Tinubu sets to take final decision on minimum wage proposal as labour weighs next move


President Bola Tinubu’s final decision on the recently proposed N62,000 minimum wage will significantly influence the next steps of the Nigerian Labour Congress (NLC), the union stated Saturday.


The proposal, agreed upon by the Federal Government and the Organised Private Sector, now awaits the President’s approval.

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NLC President Joe Ajaero informed The Nation that labour is anticipating the President’s response to the recommendation made during the Tripartite Committee meeting in Abuja on Friday.

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Initially, labour rejected the proposal, with Trade Union Congress (TUC) President Festus Osifo asserting that N250,000 is the minimum acceptable wage for workers.



In a separate statement, the NLC criticized state governors for claiming they cannot afford to pay even the previously suggested N60,000 minimum wage, describing their stance as detrimental to the poor.


Imo State Governor Hope Uzodinma and TUC President Osifo confirmed the new N62,000 figure after Friday’s meeting.


Governor Uzodinma stated that the recommendation would be sent to President Tinubu, who would then forward an executive bill on the minimum wage to the National Assembly.


Ajaero mentioned that he expects President Tinubu to consult further on the committee’s recommendation before making a final decision.


He recalled that during the establishment of the current N30,000 minimum wage, a lower figure was initially recommended before the President increased it to the final amount.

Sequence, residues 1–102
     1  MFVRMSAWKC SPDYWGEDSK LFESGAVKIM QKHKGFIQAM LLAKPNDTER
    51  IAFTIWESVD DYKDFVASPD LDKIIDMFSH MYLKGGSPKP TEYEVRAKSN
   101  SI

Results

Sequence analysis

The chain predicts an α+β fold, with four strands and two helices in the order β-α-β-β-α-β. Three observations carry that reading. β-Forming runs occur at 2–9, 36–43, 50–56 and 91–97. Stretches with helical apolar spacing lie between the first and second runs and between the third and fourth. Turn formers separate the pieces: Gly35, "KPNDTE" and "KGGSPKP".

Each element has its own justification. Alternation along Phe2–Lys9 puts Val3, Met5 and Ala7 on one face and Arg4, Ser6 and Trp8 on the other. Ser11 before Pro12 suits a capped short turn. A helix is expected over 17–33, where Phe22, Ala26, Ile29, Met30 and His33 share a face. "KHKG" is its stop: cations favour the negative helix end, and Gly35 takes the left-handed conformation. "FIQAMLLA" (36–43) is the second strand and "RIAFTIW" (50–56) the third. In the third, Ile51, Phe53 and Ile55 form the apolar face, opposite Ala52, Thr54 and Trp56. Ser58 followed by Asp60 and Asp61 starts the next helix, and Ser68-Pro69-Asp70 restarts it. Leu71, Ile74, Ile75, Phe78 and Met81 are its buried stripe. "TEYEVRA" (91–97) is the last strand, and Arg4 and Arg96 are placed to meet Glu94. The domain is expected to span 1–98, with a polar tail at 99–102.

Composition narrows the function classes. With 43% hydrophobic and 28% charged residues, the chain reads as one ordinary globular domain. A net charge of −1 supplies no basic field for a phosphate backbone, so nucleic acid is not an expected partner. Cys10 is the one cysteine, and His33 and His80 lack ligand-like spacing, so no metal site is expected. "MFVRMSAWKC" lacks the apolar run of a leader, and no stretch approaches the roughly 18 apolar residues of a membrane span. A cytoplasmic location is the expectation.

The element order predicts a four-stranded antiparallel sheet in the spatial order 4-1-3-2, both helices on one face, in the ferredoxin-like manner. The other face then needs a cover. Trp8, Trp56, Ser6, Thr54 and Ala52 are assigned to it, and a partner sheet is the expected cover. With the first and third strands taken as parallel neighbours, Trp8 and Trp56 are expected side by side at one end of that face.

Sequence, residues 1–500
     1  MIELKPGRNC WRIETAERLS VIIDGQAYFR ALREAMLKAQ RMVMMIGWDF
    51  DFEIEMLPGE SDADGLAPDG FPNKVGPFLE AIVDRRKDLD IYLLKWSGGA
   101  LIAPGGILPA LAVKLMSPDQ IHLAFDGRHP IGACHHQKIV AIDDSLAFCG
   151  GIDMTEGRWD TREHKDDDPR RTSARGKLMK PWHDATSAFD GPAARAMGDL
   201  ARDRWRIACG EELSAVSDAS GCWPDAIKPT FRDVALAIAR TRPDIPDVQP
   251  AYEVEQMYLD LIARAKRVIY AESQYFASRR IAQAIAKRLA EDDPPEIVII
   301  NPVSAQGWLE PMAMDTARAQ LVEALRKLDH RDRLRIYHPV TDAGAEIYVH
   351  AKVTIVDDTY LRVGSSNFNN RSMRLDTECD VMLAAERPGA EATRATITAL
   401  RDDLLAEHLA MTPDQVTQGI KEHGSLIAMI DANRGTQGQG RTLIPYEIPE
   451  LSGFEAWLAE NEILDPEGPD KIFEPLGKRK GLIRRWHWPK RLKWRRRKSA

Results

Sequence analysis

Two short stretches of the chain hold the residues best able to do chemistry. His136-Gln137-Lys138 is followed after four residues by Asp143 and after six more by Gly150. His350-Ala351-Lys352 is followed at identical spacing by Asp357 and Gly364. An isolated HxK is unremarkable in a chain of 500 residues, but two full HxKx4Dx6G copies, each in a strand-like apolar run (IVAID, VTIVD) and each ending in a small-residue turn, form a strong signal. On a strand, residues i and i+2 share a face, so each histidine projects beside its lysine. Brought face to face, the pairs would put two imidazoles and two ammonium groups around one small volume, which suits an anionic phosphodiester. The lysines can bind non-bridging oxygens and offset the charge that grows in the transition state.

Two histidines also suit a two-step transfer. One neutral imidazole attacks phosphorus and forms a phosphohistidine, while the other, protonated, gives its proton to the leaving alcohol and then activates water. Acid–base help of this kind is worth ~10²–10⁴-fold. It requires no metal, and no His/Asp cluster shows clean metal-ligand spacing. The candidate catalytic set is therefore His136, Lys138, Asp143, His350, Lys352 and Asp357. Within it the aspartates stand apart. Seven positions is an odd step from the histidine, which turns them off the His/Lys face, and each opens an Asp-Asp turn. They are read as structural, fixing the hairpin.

Despite the proposal, some state governments remain opposed, accusing the federal government of yielding to labour pressure without thoroughly assessing the feasibility of the new wage.


Meanwhile, an economic experts have voiced concerns over the potential negative impact of the proposed minimum wage on Nigeria’s economy.


Dr. Muda Yusuf, a former Director General at the Lagos Chamber of Commerce and Industry (LCCI), stated that while N62,000 is insufficient given the high cost of living and inflation, the larger issue is the affordability and sustainability of such an increase.


Yusuf pointed out that the public sector workforce is excessively large, leading to redundancy across federal, state, and local government levels. He warned that the significant disparity between labour’s demands and the government’s offer could lead to continued industrial actions, which disrupt the economy.


Yusuf also highlighted that many state governments have claimed they cannot afford even the N60,000 wage, suggesting that uncertainty around wage negotiations will persist, negatively affecting the economy.

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